While detailed medical information is not shared, Pryor said, Southeastern does know if individual drivers aren’t compliant. “The safety risk is the paramount thing,” he said, noting they’ve seen a 24 percent decrease in accidents by those treated for sleep apnea since starting the program. More recently, they expanded the benefit to anyone covered on its health plan, but monitoring is only for drivers.
FusionHealth, now known as Nox Health, has since moved into other sleep disorders, sending messages to employees with insomnia, for instance, if they fall off track with their cognitive behavioral therapy app.
“As we started expanding into bigger companies, the feedback we were getting is ‘I only have intermittent sleep problems — can I get content or education?’ ” said John Letter, the company’s president and chief operating officer, leading to more education tools, a personalized behavior change app and more access to behavioral health or medical experts.
Sleep, he said, has drawn the attention of employers because unlike mental health issues, “it’s not stigmatized. It’s an easier way to engage people about their overall health. Everyone wants to talk about sleep.”
Yet as the use of such tools or services grow, some employees may question their privacy.
Lee Tien, a senior staff attorney at the Electronic Frontier Foundation, said “many workplace wellness programs exist outside of any sort of HIPAA-regulated world,” referring to the privacy law for health data — it depends on how employers structure their plans. “It is slippery enough that it’s important for people to really get it straight,” he said. “What data is being collected? Who is it actually being shared with? Under what legal regimes are they being protected? If someone mishandles my information, what is my recourse?”
Experts warn that aggregate data may still be identifiable at companies with very few employees. Pam Dixon, executive director of the nonprofit World Privacy Forum, suggests employees ask whether their employers’ programs are specifically “covered by" HIPAA, and whether the data is being “de-identified” to HIPAA standards or could be resold for commercial purposes. “The laws and the rules around wellness plans are profoundly complex,” she said.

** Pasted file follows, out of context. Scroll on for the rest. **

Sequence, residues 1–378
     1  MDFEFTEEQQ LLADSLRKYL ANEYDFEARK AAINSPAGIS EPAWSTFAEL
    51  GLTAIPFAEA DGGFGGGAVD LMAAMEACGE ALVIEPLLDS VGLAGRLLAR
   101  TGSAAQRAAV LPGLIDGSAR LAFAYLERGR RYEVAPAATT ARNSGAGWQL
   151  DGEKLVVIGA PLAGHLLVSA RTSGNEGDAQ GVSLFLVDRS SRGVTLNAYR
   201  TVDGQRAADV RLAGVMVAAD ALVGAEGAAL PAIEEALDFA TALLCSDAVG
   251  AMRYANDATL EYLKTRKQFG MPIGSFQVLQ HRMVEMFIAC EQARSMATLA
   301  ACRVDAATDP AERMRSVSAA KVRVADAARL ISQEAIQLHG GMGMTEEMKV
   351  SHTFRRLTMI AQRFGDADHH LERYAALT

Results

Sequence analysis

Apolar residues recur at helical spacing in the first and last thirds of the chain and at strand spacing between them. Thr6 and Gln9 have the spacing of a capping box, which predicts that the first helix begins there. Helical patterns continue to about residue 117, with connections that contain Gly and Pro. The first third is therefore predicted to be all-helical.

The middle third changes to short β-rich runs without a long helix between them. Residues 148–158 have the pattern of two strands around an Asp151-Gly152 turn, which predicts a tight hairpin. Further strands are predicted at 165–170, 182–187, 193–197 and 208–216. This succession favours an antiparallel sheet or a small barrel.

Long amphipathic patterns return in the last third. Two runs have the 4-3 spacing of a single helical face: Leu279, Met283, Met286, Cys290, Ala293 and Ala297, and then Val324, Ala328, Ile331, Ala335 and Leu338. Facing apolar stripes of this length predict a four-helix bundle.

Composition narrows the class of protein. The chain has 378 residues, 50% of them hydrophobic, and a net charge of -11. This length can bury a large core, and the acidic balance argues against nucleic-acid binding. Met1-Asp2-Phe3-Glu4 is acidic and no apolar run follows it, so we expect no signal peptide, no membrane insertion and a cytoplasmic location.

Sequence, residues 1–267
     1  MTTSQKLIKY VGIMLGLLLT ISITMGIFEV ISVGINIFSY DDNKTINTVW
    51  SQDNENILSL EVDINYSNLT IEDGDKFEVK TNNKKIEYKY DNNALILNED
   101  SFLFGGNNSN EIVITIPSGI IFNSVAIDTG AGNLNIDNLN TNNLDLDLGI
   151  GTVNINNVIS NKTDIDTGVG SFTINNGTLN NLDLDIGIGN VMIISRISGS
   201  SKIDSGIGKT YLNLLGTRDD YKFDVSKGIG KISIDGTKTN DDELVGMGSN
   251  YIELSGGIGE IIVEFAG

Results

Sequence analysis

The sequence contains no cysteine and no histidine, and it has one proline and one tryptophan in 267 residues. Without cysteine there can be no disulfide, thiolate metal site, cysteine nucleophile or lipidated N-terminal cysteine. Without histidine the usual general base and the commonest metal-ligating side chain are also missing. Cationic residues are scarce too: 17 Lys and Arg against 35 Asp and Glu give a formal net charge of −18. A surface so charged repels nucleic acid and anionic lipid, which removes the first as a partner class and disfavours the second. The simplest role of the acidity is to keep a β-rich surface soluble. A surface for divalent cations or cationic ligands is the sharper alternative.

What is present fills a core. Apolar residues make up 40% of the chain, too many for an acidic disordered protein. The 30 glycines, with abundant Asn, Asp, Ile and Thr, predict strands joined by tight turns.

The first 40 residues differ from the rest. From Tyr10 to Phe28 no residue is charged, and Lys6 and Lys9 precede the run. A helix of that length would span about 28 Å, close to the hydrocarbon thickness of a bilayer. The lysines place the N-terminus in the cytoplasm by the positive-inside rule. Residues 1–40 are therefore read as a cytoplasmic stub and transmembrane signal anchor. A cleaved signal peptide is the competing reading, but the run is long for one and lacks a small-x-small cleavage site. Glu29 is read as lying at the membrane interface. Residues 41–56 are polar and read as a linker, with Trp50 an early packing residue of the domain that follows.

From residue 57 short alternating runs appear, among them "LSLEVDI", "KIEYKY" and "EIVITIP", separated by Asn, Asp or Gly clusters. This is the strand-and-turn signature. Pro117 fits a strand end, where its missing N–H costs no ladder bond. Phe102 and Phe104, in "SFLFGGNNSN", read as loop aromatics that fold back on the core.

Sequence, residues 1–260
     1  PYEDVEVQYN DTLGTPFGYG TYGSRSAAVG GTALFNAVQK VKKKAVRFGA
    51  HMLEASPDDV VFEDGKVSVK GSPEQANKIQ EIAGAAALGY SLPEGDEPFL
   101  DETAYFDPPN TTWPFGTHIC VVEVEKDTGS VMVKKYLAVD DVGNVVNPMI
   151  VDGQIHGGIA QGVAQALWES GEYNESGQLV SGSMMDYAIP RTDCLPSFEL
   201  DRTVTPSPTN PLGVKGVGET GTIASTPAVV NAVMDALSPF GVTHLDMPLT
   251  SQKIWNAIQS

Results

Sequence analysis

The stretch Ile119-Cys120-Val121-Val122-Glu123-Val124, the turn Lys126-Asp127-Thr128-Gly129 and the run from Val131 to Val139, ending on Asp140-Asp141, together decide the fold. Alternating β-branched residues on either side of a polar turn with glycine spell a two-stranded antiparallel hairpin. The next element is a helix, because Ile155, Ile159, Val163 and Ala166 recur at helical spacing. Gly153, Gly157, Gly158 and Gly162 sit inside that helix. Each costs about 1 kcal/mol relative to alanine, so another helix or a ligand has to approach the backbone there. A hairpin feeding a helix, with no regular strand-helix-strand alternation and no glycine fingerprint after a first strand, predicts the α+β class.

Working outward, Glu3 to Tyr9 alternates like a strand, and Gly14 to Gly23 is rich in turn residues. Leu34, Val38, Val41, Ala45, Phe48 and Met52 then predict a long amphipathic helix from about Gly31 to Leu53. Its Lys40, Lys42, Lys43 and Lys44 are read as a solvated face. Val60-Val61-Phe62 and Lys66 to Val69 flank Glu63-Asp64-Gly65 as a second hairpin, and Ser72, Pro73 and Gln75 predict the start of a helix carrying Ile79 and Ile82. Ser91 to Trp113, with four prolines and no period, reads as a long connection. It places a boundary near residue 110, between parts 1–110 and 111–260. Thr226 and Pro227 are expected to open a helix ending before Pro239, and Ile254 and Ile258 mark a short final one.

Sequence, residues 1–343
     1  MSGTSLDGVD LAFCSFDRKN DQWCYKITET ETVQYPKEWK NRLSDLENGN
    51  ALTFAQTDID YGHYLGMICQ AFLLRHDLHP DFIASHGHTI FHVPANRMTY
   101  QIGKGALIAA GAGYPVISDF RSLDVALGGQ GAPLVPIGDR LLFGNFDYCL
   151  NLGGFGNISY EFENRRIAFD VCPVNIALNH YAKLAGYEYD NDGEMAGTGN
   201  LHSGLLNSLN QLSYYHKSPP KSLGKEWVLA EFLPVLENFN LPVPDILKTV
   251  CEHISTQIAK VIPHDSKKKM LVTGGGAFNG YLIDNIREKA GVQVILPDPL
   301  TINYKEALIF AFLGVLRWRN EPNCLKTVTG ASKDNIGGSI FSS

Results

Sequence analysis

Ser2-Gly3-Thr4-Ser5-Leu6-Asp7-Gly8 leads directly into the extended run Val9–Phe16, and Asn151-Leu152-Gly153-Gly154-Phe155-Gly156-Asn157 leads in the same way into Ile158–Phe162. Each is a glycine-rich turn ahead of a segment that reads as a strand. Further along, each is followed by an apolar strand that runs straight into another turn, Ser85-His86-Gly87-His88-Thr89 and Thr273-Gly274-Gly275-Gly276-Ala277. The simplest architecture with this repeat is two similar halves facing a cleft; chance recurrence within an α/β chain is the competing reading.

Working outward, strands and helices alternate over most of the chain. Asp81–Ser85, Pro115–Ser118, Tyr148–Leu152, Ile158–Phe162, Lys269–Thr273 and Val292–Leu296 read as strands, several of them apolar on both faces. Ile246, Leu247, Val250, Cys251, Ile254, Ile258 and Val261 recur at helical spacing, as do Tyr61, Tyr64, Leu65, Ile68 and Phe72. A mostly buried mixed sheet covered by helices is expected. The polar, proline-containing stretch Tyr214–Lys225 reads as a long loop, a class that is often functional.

Dixon said that de-identifying data to HIPAA standards is a “baseline best practice." While it is unclear how many third-party providers meet that threshold, many providers, including Dayzz, Sleepio, Nox Health, Dreem and Beddr, said they only provide data “de-identified” to HIPAA standards to employers.
Many also said the only data they share with employers is aggregated, or high-level summaries of figures such as average sleep length across the workforce. A New Balance spokeswoman, Amy Dow, said the company is “confident” their wellness programs are HIPAA-compliant and they only get summary figures from Dayzz.
Meanwhile, research has shown that for some people, sleep trackers could lead to more anxiety about sleep. In 2017, researchers coined the phenomenon “orthosomnia” to refer to patients preoccupied with improving sleep data from wearables. With some people, said Kelly Baron, a clinical psychologist at the University of Utah, “it led them to engage in some behaviors that made their sleep worse.”
Sleep programs might also seem like a Band-Aid for those employees who question why managers aren’t just hiring more people to lessen heavy workloads or dumping toxic managers to help alleviate sleep disruptions. And if late-night emails or off-hours conference calls are part of workplace culture, guidance to power down phones early might ring hollow.
“One of the best things you could do is just have a culture where you don’t send emails at night,” said Baron, “or where you incentivize people [against] being glued to their laptops all the time.”
With Thrive Global’s wellness platform, Huffington said users get “microstep” nudges for whichever wellness area they want to work on, such as text reminders not to have caffeine after a set cutoff time.
“Our focus is on people beginning to feel differently with these ‘microsteps’ and seeing the impact when you’re fully recharged,” Huffington said. “In the end, the only way to change behavior is for people to see the benefits.”